Spin-stabilization maneuvers are typically performed by spacecraft entering low-earth orbit to maintain attitude stability. These maneuvers induce periodic fluid movement inside the spacecraft's propellant tank known as fuel slosh, which is responsible for creating forces and moments on the sidewalls of the propellant tank. These forces and moments adversely affect spin-stabilization and risk jeopardizing the mission of the spacecraft. Therefore, propellant tanks are designed with propellant management devices (PMD's) such as barnes or diaphragms which work to counteract the forces and moments associated with fuel slosh. However, despite the presence of PMD's, the threat of spin-stabilization interference still exists should the propellant tank be excited at its natural frequency. When the fluid is excited at its natural frequency, the forces and moments acting on the propellant tank are amplified and may result in destabilizing the spacecraft. Thus, a computational analysis is conducted concerning diaphragm-implemented propellant tanks excited at their natural frequencies. Using multi-disciplinary computational fluid dynamics (CFD) software, computational models are developed to reflect potential scenarios that spacecraft propellant tanks could experience. By simulating the propellant tank under a wide array of parameters and variables including fill-level, gravity and diaphragm material and shape, a better understanding is gained as to how these parameters individually and collectively affect liquid propellant tanks and ultimately, spacecraft attitude dynamics.

  1. Anatomical and mesoscopic characterization of the dystrophic diaphragm: An in vivo nuclear magnetic resonance imaging study in the Golden retriever muscular dystrophy dog.

    PubMed

    Thibaud, J L; Matot, B; Barthélémy, I; Fromes, Y; Blot, S; Carlier, P G

    2017-04-01

    Because respiratory failure remains a major issue in Duchenne Muscular Dystrophy patients, respiratory muscles are a key target of systemic therapies. In the Golden Retriever Muscular Dystrophy (GRMD) dogs, the disease shows strong clinical and histological similarities with the human pathology, making it a valuable model for preclinical therapeutic trials. We report here the first nuclear magnetic resonance (NMR) imaging anatomical study of the diaphragm in GRMD dogs and healthy controls. Both T1- and T2-weighted images of the diaphragm of seven healthy and thirteen GRMD dogs, from 3 to 36 months of age, were acquired on a 3 tesla NMR scanner. Abnormalities of texture and shape were revealed and consisted of increases in signal intensity on T2-weighted images and in signal heterogeneity on both T1- and T2-weighted images of the dystrophic diaphragm. These abnormalities were associated with a significant thickening of the muscle and we identified a clear 8-mm-threshold distinguishing clinically preserved GRMD dogs from those more severely affected. In this study, we demonstrated the feasibility of NMR imaging of the diaphragm and depicted several anatomical and mesoscopic anomalies in the dystrophic diaphragm. NMR imaging of the diaphragm shows a promise as an outcome measure in preclinical trials using GRMD dogs.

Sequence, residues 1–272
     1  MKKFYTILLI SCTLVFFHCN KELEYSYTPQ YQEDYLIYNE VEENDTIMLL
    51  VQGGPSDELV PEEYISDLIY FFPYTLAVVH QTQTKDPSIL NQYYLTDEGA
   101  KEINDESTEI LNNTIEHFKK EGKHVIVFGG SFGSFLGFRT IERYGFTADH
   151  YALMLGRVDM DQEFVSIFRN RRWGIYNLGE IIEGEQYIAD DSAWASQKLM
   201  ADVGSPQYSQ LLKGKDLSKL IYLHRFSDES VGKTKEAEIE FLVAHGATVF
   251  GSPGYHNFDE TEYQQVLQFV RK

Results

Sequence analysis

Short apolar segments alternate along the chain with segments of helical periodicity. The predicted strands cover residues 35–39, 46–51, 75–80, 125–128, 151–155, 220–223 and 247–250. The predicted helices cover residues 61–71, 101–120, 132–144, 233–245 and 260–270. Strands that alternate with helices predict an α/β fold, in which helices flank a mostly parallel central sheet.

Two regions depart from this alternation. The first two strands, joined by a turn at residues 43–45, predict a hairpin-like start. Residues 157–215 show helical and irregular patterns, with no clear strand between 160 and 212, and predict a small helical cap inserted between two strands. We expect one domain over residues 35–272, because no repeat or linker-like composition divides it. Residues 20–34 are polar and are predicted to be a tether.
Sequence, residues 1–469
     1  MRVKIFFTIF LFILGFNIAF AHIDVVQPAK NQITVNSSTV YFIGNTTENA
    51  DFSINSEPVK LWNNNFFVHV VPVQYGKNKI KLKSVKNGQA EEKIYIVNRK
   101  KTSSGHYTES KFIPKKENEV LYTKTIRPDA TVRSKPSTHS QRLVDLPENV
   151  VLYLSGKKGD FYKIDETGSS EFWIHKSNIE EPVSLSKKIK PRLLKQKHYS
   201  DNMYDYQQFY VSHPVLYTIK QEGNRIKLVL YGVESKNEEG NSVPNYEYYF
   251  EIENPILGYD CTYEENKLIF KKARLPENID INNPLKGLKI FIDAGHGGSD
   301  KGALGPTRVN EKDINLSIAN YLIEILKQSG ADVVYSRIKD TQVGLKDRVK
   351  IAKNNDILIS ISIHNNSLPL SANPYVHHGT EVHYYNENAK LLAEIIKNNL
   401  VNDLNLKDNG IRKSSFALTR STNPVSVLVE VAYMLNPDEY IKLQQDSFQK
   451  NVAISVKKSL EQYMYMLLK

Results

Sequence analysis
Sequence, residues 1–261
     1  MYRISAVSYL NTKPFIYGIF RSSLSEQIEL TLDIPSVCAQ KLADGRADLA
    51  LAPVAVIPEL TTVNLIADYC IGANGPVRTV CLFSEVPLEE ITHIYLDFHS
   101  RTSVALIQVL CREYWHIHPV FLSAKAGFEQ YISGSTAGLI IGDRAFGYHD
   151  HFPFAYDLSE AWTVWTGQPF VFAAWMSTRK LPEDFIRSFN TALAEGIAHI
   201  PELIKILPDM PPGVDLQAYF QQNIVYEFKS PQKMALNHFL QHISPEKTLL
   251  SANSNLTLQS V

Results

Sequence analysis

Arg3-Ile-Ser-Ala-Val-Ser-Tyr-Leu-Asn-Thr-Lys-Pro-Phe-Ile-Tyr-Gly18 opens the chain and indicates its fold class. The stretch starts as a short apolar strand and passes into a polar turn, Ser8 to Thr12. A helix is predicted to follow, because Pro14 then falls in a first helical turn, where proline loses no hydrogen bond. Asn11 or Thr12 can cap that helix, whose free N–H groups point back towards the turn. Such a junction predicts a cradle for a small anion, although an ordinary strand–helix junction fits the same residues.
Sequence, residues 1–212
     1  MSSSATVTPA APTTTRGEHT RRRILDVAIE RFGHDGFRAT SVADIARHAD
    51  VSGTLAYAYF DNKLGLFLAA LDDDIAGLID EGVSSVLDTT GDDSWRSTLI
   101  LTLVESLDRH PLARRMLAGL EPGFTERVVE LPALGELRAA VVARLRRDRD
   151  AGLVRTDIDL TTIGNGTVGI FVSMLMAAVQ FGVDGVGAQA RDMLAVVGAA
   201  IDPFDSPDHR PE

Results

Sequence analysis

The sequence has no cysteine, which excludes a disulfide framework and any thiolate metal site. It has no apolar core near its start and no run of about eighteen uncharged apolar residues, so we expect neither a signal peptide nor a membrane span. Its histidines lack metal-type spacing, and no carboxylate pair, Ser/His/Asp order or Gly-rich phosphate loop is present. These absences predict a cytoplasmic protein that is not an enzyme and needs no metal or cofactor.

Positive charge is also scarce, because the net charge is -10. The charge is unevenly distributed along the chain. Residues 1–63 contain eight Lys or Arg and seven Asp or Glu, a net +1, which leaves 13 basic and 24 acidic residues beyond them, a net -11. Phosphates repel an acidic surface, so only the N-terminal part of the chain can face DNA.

2. Mechanical characterization of the mouse diaphragm with optical coherence elastography reveals fibrosis-related change of direction-dependent muscle tissue stiffness

    NASA Astrophysics Data System (ADS)

    Wang, Shang; Loehr, James A.; Larina, Irina V.; Rodney, George G.; Larin, Kirill V.

    2016-03-01

    The diaphragm, composed of skeletal muscle, plays an important role in respiration through its dynamic contraction. Genetic and molecular studies of the biomechanics of mouse diaphragm can provide great insights into an improved understanding and potential treatment of the disorders that lead to diaphragm dysfunction (i.e. muscular dystrophy). However, due to the small tissue size, mechanical assessment of mouse diaphragm tissue under its proper physiological conditions has been challenging. Here, we present the application of noncontact optical coherence elastography (OCE) for quantitative elastic characterization of ex vivo mouse diaphragm. Phase-sensitive optical coherence tomography was combined with a focused air-puff system to capture and measure the elastic wave propagation from tissue surface. Experiments were performed on wildtype and dystrophic mouse diaphragm tissues containing different levels of fibrosis. The OCE measurements of elastic wave propagation were conducted along both the longitudinal and transverse axis of the muscle fibers. Cross-correlation of the temporal displacement profiles from different spatial locations was utilized to obtain the propagation time delay, which was used to calculate the wave group velocity and to further quantify the tissue Young's modulus. Prior to and after OCE assessment, peak tetanic force was measured to monitor viability of the tissue during the elasticity measurements. Our experimental results indicate a positive correlation between fibrosis level and tissue stiffness, suggesting this elastic-wave-based OCE method could be a useful tool to monitor mechanical properties of skeletal muscle under physiological and pathological conditions.